As noted above, one of the key advantages of civil actions, in contrast to the prosecutorial approach, is that civil can provide more appropriate compensation to the victim who has suffered exploitation by allowing her to control and direct the legal process. Kim & Hreshchyshyn, at 2–3. The current scheme, which restricts emotional losses and punitive damages to civil cases, grants the victim autonomy in making a case for the non-economic and third-party damages owed her. Unencumbered by the prosecutor’s duty to secure a conviction or decisions not to prosecute certain suspects, the victim has more freedom and input in making her claim. As plaintiff, rather than witness, she has more control in presenting non-economic damages. This autonomy is perhaps most needed in a case in which a prosecutor declines to include a potentially liable third party or knowing beneficiary in a case, but the victim should at least have some ability to frame discussion of what non-economic damages she incurred if restitution is expanded to include them.
Particularly because sex trafficking victims seem to be most susceptible to the effects of trauma that prevent them from being able to support the efforts of the prosecution, expanding restitution to cover other types of damages may result in inadequate or unjust compensation. If the victim is unable or not fully able to aid the prosecution in her voluntary capacity, the best possible case for her compensation is not presented. Whereas the prosecution may focus more on the actions of the victimizer, appropriate compensation owed should be determined in light of the victim.
Two recent proposals to amend the TVPRA call for an award of treble damages in §1595 civil actions and a process to collect and analyze data relating to the issuance and enforcement of mandatory restitution orders under §1593. S. Rep. 1733, 113th Cong. (2013); see also, H.R. 3610, 113th Cong. (2013). Although the proposed legislation also requires that the Attorney General implement a National Strategy for Combating Human Trafficking, that encourages “cooperation, coordination, and mutual support between private sector and other entities and organizations . . .” increasing the potential damage award without requiring an assessment of its impact on the availability and frequency of civil suits could undermine the goals of compensation and deterrence. Id. For instance, the number of victims that feel satisfied with the compensation granted to them in restitution may be deterred from seeking what they or others perceive to be a windfall to the plaintiff.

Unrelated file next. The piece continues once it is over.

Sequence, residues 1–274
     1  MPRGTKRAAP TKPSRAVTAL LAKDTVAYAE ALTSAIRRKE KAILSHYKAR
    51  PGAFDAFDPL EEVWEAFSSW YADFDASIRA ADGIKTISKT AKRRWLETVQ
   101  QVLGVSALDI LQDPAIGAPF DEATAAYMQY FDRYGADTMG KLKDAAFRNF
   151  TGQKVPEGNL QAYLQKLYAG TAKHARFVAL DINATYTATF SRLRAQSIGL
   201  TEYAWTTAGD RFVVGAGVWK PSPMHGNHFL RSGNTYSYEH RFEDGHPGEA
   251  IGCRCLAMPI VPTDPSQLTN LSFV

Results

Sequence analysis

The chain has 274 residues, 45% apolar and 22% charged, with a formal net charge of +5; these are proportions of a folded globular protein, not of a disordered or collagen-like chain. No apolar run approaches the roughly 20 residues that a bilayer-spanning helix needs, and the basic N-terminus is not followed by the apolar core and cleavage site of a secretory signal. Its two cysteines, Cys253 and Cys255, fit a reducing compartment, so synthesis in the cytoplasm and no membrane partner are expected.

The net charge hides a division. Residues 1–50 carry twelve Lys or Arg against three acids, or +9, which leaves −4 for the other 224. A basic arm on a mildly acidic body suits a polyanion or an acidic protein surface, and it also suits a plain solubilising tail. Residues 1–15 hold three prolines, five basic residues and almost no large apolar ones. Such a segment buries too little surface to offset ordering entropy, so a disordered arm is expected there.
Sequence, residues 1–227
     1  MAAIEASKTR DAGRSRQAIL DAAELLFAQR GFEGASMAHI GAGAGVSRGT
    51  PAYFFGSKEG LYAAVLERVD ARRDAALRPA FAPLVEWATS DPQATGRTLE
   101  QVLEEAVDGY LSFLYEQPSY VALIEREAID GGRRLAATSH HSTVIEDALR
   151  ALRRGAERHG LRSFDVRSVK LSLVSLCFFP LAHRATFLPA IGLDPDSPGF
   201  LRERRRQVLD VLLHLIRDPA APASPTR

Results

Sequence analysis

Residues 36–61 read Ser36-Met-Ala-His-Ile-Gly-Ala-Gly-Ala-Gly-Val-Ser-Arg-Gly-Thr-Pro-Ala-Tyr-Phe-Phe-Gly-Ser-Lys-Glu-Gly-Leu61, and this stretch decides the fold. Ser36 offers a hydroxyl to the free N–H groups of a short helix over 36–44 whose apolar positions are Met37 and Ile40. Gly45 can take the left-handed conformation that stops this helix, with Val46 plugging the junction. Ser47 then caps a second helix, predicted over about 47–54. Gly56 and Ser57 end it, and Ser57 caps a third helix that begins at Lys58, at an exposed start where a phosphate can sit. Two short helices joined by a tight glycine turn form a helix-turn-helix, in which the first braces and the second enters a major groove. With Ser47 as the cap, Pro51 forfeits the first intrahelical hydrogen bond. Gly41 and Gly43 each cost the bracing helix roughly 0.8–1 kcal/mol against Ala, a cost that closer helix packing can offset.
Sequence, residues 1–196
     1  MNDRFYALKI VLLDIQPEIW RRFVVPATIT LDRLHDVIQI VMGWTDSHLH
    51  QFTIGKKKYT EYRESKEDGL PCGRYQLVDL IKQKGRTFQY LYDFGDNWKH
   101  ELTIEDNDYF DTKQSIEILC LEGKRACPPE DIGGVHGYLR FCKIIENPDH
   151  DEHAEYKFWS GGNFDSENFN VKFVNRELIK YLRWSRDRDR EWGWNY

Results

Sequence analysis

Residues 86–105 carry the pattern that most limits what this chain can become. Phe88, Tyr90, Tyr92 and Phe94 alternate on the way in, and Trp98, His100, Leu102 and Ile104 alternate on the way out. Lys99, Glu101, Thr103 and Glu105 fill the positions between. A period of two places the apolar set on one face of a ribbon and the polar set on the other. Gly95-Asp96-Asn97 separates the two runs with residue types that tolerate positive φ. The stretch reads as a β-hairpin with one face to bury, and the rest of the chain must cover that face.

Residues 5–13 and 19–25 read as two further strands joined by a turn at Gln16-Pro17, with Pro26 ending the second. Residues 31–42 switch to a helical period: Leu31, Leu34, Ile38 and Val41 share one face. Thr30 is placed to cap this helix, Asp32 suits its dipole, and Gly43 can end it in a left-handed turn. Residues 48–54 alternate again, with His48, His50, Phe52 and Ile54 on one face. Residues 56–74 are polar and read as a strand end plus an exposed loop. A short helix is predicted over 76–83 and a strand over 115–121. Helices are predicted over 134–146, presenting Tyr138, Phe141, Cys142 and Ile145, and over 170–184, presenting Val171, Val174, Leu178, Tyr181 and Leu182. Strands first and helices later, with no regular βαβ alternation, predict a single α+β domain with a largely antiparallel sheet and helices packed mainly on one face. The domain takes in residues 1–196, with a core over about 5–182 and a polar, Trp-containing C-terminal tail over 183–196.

Accordingly, Congress should be cautious in expanding restitution for victims of sex trafficking without a corresponding emphasis on enabling the victim to bring a civil claim herself. Prosecutors will hopefully succeed in compensating victims of sex trafficking through restitution. At the very least, though, both the criminal and civil remedies are relatively underutilized and in need of further promotion, and any particularly impressive short-term gains made by expanding restitution should be tempered.
Adam is a 2L with interests in criminal and public interest law. He currently works as a law clerk with the Franklin County Public Defender.